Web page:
Meet the Self-Build Experts at Homebuilding & Renovating

Self Build Zone, working in partnership with Homebuilding and Renovating, are at Excel this week and are making available various Experts from the Industry to answer any questions or assist visitors with their Projects.

Included are:

  • Approved Inspectors dealing with any questions on Building Control
  • Claims and Loss Adjusters if you are have any specific claims issues
  • Specialist Surveyors and Valuers who deal with Technical Audits and Property Valuations (including Listed Properties)
  • Experts on Fire Risk Assessments and Fire Risk Engineering if you have any questions regarding Loss Prevention or Fire Risks for Residential or Commercial Risks.
Read More

New Housing Agency to Boost Housebuilding

A new national housing agency – Homes England – has been launched by Housing Secretary Sajid Javid as one of the key steps towards delivering the homes the country needs.

housebuilding diagram and model

As the successor to the Homes and Communities Agency, Homes England will drive forward change, as set out in the government’s housing white paper.

By bringing together their existing planning expertise and new land buying powers, the new agency will play a major role in securing land in areas where people want to live, support smaller and more innovative house builders into the market and resource brownfield sites from across the country to deliver homes for families.

Homes England will play a major role in fixing the housing market by helping to deliver an average of 300,000 homes a year by the mid-2020s.

Read More

Building your own home: The benefits of custom build

The primary benefit of custom build is that you can achieve a home designed specifically for you and your family’s lifestyle. A flexible, quality living space, tailored to suit your requirements, now and in the future.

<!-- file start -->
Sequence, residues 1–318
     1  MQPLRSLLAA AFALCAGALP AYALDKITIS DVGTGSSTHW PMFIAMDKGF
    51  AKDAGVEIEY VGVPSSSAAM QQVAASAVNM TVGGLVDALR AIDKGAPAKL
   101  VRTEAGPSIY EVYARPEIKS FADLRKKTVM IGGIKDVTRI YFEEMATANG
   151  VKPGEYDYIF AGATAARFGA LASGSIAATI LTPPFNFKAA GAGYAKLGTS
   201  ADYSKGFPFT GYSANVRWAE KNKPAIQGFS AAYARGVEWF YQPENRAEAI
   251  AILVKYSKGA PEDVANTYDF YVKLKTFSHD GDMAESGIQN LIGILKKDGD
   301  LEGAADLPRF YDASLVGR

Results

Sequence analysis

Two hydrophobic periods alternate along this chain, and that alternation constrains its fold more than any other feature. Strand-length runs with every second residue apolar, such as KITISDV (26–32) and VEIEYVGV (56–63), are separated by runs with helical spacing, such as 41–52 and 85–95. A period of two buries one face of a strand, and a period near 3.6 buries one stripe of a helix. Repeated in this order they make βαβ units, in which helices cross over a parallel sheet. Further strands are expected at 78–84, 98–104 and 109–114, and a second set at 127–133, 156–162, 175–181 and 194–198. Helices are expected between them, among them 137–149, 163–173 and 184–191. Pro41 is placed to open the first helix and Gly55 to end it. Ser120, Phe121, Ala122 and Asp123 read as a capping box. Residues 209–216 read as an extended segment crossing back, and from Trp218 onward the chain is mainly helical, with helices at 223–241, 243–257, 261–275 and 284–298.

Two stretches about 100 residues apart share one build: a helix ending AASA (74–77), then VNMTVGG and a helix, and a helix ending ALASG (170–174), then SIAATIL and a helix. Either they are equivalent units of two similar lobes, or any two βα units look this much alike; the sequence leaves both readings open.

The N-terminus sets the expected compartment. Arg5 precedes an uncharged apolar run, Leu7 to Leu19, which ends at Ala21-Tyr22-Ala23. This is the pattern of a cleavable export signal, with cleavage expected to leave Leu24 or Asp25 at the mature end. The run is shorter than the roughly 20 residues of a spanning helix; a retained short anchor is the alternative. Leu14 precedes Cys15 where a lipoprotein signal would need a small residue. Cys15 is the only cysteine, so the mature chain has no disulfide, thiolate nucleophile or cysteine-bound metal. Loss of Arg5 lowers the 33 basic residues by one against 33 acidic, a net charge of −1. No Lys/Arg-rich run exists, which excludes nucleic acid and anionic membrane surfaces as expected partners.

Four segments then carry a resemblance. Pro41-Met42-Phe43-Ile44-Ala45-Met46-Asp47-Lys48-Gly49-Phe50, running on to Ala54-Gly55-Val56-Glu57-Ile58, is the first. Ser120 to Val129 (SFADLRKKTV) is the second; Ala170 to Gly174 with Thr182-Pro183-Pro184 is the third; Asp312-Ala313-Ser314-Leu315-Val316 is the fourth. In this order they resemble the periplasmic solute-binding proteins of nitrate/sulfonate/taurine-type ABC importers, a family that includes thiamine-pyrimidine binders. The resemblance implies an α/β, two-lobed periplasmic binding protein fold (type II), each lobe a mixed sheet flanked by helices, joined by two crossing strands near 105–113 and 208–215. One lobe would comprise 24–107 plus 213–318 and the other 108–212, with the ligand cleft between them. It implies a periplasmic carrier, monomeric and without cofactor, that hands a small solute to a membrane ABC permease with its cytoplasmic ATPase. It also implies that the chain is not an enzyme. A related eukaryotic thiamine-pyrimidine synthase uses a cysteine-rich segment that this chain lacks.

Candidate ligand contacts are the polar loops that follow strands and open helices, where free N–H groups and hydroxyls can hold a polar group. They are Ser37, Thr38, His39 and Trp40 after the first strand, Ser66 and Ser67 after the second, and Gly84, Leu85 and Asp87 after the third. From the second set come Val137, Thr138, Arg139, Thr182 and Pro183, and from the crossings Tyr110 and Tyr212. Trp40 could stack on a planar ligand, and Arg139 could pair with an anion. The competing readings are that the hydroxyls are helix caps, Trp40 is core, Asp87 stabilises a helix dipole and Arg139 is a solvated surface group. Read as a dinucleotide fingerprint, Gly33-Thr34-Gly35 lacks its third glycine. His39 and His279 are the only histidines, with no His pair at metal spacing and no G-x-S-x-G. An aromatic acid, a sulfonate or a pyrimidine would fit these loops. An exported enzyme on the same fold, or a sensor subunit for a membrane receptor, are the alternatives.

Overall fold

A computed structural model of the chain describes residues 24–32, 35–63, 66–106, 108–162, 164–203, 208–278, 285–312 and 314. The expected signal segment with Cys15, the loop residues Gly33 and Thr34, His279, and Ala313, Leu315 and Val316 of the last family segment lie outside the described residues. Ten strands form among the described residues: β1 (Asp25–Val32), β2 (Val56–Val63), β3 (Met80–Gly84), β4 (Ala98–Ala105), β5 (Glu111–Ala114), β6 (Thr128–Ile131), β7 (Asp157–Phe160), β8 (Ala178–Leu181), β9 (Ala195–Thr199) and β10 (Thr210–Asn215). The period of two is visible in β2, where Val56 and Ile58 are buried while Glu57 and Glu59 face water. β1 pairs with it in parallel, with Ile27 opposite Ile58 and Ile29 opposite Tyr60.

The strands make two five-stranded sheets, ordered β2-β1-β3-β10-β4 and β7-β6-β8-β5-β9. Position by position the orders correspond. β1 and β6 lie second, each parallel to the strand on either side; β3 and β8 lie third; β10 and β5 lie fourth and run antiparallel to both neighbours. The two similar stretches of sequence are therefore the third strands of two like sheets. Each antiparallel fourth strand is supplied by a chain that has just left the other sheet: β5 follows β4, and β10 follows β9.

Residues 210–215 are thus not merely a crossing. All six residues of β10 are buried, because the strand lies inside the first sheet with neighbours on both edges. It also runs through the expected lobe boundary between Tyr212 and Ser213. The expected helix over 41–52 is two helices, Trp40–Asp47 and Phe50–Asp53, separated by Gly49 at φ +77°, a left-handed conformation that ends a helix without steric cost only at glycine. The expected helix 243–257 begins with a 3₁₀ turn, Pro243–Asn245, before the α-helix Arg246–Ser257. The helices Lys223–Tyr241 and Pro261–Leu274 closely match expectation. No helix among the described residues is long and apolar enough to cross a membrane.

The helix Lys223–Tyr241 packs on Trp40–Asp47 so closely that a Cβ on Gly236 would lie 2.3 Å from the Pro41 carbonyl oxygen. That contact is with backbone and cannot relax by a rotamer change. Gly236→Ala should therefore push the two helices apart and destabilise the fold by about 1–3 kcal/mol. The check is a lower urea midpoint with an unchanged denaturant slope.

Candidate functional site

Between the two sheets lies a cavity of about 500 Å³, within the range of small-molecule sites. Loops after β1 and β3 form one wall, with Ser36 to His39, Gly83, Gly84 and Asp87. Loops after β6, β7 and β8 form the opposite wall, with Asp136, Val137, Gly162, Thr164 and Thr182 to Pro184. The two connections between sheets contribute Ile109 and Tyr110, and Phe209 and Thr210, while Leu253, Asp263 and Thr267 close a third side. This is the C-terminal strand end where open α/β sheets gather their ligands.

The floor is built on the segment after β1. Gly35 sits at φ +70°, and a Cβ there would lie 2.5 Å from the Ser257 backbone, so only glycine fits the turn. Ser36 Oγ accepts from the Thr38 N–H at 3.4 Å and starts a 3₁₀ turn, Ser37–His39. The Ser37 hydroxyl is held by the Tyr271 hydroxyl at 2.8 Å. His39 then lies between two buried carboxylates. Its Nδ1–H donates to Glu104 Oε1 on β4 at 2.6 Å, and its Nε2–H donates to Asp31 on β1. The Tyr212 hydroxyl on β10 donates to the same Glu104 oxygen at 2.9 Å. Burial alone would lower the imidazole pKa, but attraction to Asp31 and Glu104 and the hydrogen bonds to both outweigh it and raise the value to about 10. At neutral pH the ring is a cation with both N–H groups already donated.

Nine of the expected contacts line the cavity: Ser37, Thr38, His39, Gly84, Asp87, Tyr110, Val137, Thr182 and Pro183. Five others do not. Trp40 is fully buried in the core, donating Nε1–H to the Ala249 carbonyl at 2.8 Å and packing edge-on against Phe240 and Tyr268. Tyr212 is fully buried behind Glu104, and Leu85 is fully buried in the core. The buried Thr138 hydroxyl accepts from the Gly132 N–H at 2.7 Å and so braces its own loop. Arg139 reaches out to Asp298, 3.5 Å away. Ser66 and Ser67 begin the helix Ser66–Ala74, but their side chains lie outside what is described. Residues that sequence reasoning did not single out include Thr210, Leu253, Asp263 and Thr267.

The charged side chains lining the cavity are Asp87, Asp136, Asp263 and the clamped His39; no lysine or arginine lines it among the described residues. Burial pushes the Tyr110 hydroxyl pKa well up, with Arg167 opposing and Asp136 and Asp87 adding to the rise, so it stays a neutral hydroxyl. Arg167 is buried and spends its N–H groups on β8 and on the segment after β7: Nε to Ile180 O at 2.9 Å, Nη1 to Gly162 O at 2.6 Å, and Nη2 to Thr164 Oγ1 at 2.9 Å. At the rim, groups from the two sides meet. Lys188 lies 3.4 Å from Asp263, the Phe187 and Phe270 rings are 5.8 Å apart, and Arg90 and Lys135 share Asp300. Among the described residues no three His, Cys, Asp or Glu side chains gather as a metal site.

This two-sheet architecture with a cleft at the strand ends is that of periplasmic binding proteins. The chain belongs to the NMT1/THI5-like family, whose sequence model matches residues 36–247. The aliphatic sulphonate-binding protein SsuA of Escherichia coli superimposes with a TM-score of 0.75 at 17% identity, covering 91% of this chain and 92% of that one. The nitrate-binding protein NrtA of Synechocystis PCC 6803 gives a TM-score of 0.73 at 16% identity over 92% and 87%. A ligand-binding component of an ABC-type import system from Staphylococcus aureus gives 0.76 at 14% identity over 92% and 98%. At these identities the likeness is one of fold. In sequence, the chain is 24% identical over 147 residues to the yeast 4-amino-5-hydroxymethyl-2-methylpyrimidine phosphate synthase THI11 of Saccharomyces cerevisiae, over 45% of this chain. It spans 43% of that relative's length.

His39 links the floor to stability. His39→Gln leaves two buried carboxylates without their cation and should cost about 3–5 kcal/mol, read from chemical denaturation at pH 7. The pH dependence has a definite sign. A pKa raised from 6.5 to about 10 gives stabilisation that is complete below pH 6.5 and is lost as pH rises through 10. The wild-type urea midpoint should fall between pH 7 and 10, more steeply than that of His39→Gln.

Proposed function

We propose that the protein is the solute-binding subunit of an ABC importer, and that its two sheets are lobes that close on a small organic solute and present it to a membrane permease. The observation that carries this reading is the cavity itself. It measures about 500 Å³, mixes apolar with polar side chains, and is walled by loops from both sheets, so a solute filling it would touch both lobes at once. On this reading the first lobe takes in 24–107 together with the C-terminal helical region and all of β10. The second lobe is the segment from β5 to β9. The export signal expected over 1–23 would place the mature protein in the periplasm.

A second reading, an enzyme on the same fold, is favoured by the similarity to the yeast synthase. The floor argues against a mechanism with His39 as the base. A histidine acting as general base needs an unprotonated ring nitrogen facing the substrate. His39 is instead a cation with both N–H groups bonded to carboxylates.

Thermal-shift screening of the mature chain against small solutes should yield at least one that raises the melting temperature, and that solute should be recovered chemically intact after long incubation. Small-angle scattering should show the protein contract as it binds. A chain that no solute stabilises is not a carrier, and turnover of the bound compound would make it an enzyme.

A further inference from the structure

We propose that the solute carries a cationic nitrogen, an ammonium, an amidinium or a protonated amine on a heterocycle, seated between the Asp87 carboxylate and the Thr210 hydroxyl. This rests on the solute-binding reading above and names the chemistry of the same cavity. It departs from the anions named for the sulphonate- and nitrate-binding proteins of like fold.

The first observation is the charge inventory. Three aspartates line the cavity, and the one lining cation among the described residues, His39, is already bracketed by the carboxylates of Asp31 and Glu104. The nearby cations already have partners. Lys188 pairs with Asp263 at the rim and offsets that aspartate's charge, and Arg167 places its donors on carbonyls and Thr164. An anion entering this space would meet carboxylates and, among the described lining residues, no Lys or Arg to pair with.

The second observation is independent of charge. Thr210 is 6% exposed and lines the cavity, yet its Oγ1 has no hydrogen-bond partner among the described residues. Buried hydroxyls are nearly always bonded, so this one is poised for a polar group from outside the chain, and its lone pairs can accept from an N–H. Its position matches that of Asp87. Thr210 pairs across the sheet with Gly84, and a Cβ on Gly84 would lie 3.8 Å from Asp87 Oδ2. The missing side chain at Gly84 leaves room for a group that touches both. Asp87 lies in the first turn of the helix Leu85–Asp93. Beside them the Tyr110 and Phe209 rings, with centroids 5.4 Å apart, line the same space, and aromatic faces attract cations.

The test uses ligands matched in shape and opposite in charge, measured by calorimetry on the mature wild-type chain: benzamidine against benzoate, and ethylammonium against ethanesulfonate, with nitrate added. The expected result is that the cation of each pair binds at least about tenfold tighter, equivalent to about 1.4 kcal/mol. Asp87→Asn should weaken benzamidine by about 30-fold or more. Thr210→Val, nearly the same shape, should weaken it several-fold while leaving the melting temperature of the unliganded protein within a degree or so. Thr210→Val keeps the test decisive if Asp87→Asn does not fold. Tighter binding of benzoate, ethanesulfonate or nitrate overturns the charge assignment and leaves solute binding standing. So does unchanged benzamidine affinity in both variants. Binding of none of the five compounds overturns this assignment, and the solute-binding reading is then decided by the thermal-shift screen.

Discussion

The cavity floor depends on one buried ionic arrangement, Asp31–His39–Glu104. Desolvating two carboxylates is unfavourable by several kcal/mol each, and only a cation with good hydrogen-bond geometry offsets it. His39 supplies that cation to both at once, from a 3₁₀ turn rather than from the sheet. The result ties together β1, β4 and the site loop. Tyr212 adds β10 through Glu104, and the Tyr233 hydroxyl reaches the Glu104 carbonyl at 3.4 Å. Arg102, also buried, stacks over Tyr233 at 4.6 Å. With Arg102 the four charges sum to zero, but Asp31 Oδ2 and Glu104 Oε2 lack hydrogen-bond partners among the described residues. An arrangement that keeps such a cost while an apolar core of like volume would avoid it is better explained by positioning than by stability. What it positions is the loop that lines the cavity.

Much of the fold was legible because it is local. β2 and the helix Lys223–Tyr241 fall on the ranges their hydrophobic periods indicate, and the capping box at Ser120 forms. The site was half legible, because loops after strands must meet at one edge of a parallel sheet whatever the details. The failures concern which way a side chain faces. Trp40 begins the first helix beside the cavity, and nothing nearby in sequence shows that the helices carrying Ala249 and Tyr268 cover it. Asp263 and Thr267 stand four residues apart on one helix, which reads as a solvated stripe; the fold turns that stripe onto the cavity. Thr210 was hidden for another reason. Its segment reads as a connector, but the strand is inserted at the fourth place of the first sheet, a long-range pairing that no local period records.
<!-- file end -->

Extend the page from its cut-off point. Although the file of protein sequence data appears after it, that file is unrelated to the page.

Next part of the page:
custom build

What is a custom build home?

Custom build is one of the ways that the Government is using to solve the housing shortage. Custom build homes are self-build homes facilitated in some way by a developer. This still offers the chance to have a unique home that suits your needs, lifestyle and design preferences, but through a more hands-off approach than a traditional self-build.

Working from home

If you enjoy the independence and freedom that comes with working from home, custom build allows you to create an inspired workspace, whether you want a multi-purpose area, separate room or a studio in your garden.

Read More

How to Get Planning Permission First Time

Getting planning consent for the perfect scheme can be a major stumbling block on the road to a successful project. Mike Dade shares the secrets that will give you the best possible chance of winning approval.

Most self-builders and renovators, having secured a plot or building to convert or refurbish, want to get on with the build as quickly as possible. With planning applications taking at least two months from submission to decision, nobody wants to go through the process more than once if they can avoid it.